What these varieties of trolls share is the monstrous pretense of a barb-tongued dimwit. Granted, some would argue that trolls are cleverer than you think. In short, though, a troll is a bully who, frequently cloaked in anonymity, preys on the exposed. And trolls, more often than not, tend to take a male form. Accordingly, they tend to not only subscribe to, but to police a certain patriarchal order. At the risk of overgeneralizing, the troll’s favorite targets are mouthy broads in the public eye.

The point is that trolls are basically giant assholes. Science proves this. Two 2014 online studies from the University of Phoenix found “similar patterns of relations between trolling and the Dark Tetrad of personality: trolling correlated positively with sadism, psychopathy, and Machiavellianism, using both enjoyment ratings and identity scores”. The authors of the studies conclude that “cyber-trolling appears to be an Internet manifestation of everyday sadism”.

A more recent compilation study by the National Academies of Sciences, Engineering, and Medicine, entitled, “Preventing Bullying Through Science, Policy, and Practice”, suggests that it may be possible to shame low-status bullies into behaving more civilly toward their peers. But the study also found that interventions are less effective with popular bullies, because these kids use strategic bullying to maintain their status. To address this, researchers at Kaplan University have designed an anti-bullying program called Meaningful Roles. The program offers alternative, constructive roles for students seeking to maintain their high status. For example, rather than water the classroom plants or feed the class pet, a notorious bully might be asked to do a task with higher visibility, like serve as classroom greeter.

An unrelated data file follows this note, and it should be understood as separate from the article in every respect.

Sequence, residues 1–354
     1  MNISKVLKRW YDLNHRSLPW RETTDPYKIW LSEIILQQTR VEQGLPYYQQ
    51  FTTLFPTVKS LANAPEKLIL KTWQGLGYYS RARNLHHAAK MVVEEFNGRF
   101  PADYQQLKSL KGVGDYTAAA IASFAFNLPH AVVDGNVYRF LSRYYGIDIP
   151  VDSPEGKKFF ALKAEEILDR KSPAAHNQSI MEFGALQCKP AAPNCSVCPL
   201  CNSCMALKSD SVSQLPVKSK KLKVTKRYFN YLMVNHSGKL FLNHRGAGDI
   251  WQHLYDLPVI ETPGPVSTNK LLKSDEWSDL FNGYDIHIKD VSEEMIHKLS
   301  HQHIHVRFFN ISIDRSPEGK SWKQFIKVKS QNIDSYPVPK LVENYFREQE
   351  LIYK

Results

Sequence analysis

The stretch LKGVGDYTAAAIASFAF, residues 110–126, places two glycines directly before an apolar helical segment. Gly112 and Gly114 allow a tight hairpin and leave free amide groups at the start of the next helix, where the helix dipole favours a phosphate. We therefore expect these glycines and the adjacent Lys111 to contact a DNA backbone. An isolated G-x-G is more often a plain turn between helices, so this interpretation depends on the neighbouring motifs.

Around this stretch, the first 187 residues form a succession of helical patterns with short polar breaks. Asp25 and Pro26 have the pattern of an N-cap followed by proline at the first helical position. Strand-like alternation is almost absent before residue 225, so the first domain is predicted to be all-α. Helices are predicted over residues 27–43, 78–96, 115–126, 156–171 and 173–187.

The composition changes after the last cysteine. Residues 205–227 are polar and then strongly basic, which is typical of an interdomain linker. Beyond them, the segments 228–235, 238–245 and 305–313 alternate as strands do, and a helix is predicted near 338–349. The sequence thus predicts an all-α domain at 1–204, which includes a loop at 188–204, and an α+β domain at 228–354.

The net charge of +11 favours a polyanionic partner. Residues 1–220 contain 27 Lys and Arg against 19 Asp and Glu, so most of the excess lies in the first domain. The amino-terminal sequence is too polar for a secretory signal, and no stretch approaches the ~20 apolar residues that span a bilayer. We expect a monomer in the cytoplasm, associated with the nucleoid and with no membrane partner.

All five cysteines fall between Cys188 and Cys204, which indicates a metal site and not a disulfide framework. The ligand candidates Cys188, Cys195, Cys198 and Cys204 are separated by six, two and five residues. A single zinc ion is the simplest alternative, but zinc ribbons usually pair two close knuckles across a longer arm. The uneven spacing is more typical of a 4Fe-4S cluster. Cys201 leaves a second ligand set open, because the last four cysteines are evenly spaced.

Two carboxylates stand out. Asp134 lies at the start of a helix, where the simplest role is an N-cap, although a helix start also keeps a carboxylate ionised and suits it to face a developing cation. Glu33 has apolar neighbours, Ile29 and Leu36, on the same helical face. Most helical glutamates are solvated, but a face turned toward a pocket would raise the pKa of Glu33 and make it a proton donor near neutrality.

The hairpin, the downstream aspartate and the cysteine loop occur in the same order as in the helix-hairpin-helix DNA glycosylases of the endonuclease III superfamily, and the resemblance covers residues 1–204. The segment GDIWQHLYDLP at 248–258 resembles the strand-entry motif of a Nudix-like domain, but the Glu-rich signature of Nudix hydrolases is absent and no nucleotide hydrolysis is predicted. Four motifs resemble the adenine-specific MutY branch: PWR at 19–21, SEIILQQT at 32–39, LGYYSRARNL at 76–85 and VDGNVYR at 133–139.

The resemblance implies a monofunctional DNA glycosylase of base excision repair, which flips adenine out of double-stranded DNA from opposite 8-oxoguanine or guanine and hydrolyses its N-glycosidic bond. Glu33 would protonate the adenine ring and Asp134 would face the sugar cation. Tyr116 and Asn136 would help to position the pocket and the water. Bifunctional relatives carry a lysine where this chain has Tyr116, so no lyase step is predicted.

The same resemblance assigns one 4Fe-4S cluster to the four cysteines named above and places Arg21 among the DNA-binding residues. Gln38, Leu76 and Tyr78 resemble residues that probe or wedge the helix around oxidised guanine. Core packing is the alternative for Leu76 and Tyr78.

The Meaningful Roles study promises a means to neutralize the bullying of the presumptive nominee alluded to above. It appears that the best way to appease Herr Drumpf and his enablers is to elect him President—the ultimate classroom greeter.

If trolls were more than a poetic conceit, zoologists would catalog them as belonging to the species, sphincter pusillanimis, which is subsumed by the genus belligerare. That robust genus would, of course, include douches, tools, blowhards, mansplainers and, who could forget, your garden-variety bully.

Like the asshole, the principle function of the troll is to emit waste. But the value of that emission is in the nose of the olfactor. Most recoil from the stench of trollery. Many take offense. An especially sensitive few may even be hurt by it. Conventional wisdom has it that the best way to deal with trolls is to ignore them. When confronted with their cowardly belligerence, “Don’t feed the trolls” goes the reflexive refrain.

Like good scatologists, if we take a moment to examine more closely the chemical composition of the crap that trolls emit on the internet, we might begin to ascertain that it serves a broader—and vital—sociological function. In The Unbearable Lightness of Being, Milan Kundera famously associated shit with kitsch. Kundera writes that the “fact that until recently the word ‘shit’ appeared in print as s— has nothing to do with moral considerations”. He contends that “the objection to shit is a metaphysical one”, that the “daily defecation session is daily proof of the unacceptability of Creation”.